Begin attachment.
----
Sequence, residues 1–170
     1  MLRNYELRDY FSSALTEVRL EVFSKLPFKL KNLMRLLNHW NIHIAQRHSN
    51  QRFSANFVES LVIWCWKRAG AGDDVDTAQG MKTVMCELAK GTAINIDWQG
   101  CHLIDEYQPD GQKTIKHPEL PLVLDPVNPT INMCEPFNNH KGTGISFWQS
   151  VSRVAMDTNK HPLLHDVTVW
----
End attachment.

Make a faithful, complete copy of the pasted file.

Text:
Sequence, residues 1–170
     1  MLRNYELRDY FSSALTEVRL EVFSKLPFKL KNLMRLLNHW NIHIAQRHSN
    51  QRFSANFVES LVIWCWKRAG AGDDVDTAQG MKTVMCELAK GTAINIDWQG
   101  CHLIDEYQPD GQKTIKHPEL PLVLDPVNPT INMCEPFNNH KGTGISFWQS
   151  VSRVAMDTNK HPLLHDVTVW